Ten years ago on 24th April 2013, a huge garment factory in Dhaka, Bangladesh collapsed, killing 1,134 people and leaving thousands more devastated by injury and loss. What has chanmged for garment industry employees since?

What Happened on 24th April 2013?

As Bangladesh’s deadliest ever industrial disaster, it was a horrific wake up call which shocked the world.

Two-inch deep cracks had been seen in three of the building’s pillars the previous day, and on the 24th April, workers were refusing to go inside. However, many were forced back to work under the threat of losing a month’s pay. Later that day, the entire building collapsed, leaving utter devastation in its wake.

We vowed an incident like this would never happen again, yet since (and before) Rana Plaza there have been numerous preventable incidents in the garment industry resulting in workers losing their lives.

As Clean Clothes Campaign (CCC) point out, had campaigners calls for action on factory safety been heeded many years before, the Rana Plaza incident could have been prevented. CCC had been working with partners in Bangladesh on safety issues since 2005, but had had little help from clothing brands or government.

What has changed for garment industry workers since?

For a detailed look at what happened in the run up and after Rana Plaza, we’d highly recommend this detailed timeline on ranaplazaneveragain.org. And this post from Clean Clothes Campaign.

In the immediate aftermath of the Rana Plaza incident, the Accord on Fire and Building Safety in Bangladesh (‘The Accord’) was put into place. This was a binding agreement, in which unions had 50% control and could hold brands legally accountable if they failed to comply with minimum safety standards in their factories (which included basic things like keeping doors unlocked and ensuring fire exits were kept clear of obstructions).

By the 1st May 2013, one million people had signed a petition calling on brands to sign the Accord and eventually 220 brands did. The Accord was initially in place for five years, during which time over 1,600 factories had been inspected and 84% of safety hazards were fixed. When it was renewed in 2018, some brands refused to sign the new agreement, prioritising profits over safety. Brands like Abercrombie & Fitch and Sean John did not join again, but over 190 brands stayed. Now, in its third iteration, this agreement is called the International Accord for Health and Safety in the Textile and Garment Industry and has been signed by 195 brands. This year it is due to be rolled out beyond Bangladesh, starting in Pakistan soon, though progress is said to be slow. Earlier this month a factory fire in Pakistan killed four firefighters and injured 13 people, highlighting the urgent need for movement on the agreement in Pakistan and in all countries where garment workers face unsafe work environments.

In terms of financial compensation for those affected by Rana Plaza’s collapse, despite brands making all the right noises, it took over two years(!) of campaigning after the disaster to get them to hand over the funds. But in 2015 the 30 million USD was finally raised to compensate victims and their families.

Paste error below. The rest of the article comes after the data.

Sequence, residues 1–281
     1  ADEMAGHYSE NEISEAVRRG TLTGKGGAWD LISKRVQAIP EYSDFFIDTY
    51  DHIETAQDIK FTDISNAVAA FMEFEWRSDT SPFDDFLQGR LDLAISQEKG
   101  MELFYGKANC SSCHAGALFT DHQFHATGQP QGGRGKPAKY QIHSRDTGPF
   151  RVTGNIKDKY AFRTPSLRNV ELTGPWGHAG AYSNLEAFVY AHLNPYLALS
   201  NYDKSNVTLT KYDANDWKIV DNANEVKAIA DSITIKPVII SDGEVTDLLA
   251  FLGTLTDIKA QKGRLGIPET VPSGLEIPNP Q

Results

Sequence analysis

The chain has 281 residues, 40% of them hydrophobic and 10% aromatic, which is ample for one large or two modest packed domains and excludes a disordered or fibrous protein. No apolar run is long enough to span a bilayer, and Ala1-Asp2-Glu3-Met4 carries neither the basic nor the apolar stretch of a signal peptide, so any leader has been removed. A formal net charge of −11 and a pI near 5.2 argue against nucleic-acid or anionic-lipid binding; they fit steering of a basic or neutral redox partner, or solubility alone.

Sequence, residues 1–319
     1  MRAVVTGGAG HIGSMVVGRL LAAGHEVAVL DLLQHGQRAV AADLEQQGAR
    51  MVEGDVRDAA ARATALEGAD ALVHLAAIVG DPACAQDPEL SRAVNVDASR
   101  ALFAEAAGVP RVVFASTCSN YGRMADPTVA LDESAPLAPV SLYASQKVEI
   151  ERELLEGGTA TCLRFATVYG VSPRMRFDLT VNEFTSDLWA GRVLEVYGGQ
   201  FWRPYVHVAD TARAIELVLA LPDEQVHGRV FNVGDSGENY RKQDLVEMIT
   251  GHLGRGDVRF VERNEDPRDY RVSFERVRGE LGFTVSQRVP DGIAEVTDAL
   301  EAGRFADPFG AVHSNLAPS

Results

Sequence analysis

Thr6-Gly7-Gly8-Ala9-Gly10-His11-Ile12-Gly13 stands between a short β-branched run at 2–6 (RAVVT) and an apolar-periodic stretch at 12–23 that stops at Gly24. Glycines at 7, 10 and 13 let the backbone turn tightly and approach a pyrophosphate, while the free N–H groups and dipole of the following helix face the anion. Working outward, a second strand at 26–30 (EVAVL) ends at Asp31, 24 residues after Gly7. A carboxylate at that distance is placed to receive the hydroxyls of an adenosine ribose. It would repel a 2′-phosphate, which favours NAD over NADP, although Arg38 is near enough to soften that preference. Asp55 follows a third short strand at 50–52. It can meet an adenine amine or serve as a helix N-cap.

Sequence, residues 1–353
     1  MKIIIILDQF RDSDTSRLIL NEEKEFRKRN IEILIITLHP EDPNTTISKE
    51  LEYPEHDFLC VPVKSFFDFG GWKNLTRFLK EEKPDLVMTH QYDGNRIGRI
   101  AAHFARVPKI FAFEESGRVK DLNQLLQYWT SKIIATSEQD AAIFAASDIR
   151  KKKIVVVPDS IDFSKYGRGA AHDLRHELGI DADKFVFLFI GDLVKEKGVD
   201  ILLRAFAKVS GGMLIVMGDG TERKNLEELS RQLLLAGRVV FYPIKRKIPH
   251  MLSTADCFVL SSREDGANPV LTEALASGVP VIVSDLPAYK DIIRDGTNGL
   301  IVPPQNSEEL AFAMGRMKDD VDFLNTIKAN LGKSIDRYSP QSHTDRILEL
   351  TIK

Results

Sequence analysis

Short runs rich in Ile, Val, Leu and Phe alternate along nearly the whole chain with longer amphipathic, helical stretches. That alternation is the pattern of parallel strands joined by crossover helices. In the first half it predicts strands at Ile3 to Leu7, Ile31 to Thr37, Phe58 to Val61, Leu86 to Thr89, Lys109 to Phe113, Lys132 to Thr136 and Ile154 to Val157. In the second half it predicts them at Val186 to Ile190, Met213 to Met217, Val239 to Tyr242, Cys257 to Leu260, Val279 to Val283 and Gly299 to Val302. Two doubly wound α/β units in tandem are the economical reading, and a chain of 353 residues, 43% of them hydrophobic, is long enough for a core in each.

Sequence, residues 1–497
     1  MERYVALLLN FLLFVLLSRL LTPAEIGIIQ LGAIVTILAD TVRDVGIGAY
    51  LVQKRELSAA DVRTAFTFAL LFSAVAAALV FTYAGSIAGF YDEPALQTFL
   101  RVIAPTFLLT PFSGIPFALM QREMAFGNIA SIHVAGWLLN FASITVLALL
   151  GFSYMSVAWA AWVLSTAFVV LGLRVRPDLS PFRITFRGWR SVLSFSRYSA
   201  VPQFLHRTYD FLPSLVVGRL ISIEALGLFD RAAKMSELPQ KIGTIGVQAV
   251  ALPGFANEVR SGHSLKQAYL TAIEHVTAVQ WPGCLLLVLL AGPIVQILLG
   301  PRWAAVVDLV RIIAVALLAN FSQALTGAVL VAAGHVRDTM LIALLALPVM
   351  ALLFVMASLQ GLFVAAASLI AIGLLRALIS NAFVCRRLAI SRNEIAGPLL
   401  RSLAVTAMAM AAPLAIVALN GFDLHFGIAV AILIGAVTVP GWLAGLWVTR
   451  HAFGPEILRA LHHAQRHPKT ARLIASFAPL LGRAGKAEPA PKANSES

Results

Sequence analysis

Beyond factory safety

Besides worker safety, Clean Clothes Campaign say that little progress has been made in improving conditions for garment workers in Bangladesh over the past decade.

In Bangladesh, wages are still significantly below what could be considered to be a living wage (enough to cover basic outgoings like rent, food, bills,education for children etc.). This is after years of campaigning and protests from workers – often at great personal risk – which have resulted only in woefully insufficient increases in the minimum wage. Currently, trade unions are calling for the minimum wage to be trebled.

Seven years after Rana Plaza, the pandemic caused further devastation to garment sector workers. In the period between March 2020 and March 2021 workers in Bangladesh were robbed of an estimated 845 million USD in wages and severance, with at least 438,000 workers losing their jobs.

The country also has a history of often brutal crackdowns on union activity, reported to have increased during the pandemic. This makes it incredibly difficult, and in some cases dangerous, for workers to demand change themselves.

What can you do?

Manchester March – 23rd April

On Sunday, we’ll be joining a peaceful walking demonstration in Piccadilly Gardens, Manchester, to remember those who lost their lives, and call for specific brands to take action on behalf of garment workers. Everyone welcome to join us – bring a sign if you can!

Sign the petition

Clean Clothes Campaign and Remake, have initiated a petition targeting a“dirty dozen” brands, including Levi’s, IKEA, and Amazon, who have failed to sign the life-saving Accord in the past ten years.

Contact your favourite brands

Ask them what they are doing to protect workers rights to a safe working environment, to join a trade union and to ensure they are paid a living wage.